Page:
He served as a sniper expert with Bravo Company, part of the 1st Battalion and 506th Infantry Regiment, members of which were known as the “Currahee Brothers.” The larger 101st Airborne Division was known as the “Screaming Eagles.”
On the night of Sept. 3, 1970, leading his patrol through the flatlands outside of Camp Evans, Taylor was shot in the chest by another U.S. sniper team, who mistook him as the enemy. Taylor survived the night as medical personnel fought to save his life, but he succumbed to his wound the next day.
Travis Taylor says he’ll never forget the following day, when two Army officers came to his mother Mattie Lee Taylor’s trailer in McGrady with news that Rodney had been killed in Vietnam.
“They just said he was on sniper duty and was shot by friendly fire. We later learned the whole story from the man who spent the last 11 months of Rodney’s life with him, fighting side by side.”
That man, Hank Bow, settled in Tennessee after the war, but he could never quite shake the “survivor’s guilt” and belief that he should have died on patrol that night, not Rodney.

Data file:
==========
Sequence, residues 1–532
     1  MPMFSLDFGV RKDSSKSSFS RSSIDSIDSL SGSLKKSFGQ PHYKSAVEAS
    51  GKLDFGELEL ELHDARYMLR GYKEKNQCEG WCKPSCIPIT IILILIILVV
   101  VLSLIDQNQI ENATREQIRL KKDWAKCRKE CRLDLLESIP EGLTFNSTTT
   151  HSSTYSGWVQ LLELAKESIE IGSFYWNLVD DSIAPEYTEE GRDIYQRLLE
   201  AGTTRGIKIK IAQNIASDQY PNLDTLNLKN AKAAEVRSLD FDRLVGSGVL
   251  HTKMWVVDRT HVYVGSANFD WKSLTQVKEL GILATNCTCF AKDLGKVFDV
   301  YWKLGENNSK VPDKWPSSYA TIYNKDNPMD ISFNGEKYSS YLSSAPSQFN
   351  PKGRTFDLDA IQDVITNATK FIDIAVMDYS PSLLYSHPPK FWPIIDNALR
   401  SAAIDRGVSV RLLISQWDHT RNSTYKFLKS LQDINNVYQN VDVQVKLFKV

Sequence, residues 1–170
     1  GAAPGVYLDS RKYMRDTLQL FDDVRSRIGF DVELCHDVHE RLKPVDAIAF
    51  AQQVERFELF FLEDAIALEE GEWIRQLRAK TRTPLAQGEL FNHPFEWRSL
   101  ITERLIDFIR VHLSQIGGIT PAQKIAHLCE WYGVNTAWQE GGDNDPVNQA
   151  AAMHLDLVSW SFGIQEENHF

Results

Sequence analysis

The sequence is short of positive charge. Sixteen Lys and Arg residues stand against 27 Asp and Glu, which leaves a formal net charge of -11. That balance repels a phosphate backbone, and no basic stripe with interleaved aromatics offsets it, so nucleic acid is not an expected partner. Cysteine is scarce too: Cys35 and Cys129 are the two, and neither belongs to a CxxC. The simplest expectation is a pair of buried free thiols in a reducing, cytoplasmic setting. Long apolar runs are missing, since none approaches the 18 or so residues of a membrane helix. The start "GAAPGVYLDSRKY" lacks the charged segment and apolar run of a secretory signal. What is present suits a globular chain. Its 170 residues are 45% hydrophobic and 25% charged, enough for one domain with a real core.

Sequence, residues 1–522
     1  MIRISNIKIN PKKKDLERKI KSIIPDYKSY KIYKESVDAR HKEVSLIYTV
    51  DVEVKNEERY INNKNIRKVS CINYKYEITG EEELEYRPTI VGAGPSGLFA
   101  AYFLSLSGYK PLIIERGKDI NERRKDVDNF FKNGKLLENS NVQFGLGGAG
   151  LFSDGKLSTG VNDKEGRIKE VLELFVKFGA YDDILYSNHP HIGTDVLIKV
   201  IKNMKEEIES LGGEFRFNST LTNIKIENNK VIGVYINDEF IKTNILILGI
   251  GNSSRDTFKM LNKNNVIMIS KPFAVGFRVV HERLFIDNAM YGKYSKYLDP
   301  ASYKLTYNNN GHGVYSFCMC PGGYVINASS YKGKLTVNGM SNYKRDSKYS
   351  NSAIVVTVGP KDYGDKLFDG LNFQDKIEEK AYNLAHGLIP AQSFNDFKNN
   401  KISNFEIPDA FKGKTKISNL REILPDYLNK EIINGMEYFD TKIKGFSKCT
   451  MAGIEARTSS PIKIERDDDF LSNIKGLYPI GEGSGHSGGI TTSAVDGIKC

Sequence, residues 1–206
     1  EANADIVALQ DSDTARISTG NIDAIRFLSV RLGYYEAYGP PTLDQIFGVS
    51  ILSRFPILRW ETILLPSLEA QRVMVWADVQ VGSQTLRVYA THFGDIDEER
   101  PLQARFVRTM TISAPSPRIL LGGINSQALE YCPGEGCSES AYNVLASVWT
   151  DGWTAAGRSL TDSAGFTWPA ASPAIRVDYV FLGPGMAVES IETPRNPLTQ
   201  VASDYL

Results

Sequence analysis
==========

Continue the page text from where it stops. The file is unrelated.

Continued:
“He took a bullet for me,” Bow later told the family. He felt that way because, at the time of Taylor’s death, Taylor was training snipers, a job handed down to him from Bow, and was taking “point” with the patrol instead of Bow.
For his ultimate sacrifice, Taylor was posthumously awarded the Purple Heart, the Combat Infantryman’s Badge, the Bronze Star Medal for Meritorious Service, the Army Commendation Medal for Courageous Action in Vietnam, the Army Air Medal, the Vietnam Service Medal, the Republic of Vietnam Campaign Service Medal and the National Defense Service Medal.
‘Never got to meet my hero’
Six years ago, Rodney Taylor’s great-niece Valerie Bartelson made an emotional plea on his Virtual Vietnam Veterans Wall of Faces page:
“Hey, Uncle. You don’t know who I am, I don’t guess; I never got to meet you because I didn’t even exist yet. I’m your great-niece Valerie, daughter of Melissa Taylor [Bartelson]. It’s really late to be posting this now, at the age of 13 years old, but I figured I would since it’s Veterans Day today. I can’t wait to meet you when I come home one day... I heard about how awesome you are and stuff; how you died in Vietnam while loyally fighting for your country. I just wanted to give you a final salute... Thank you so much for your service. I love you, Rodney, and I’ll meet you someday.”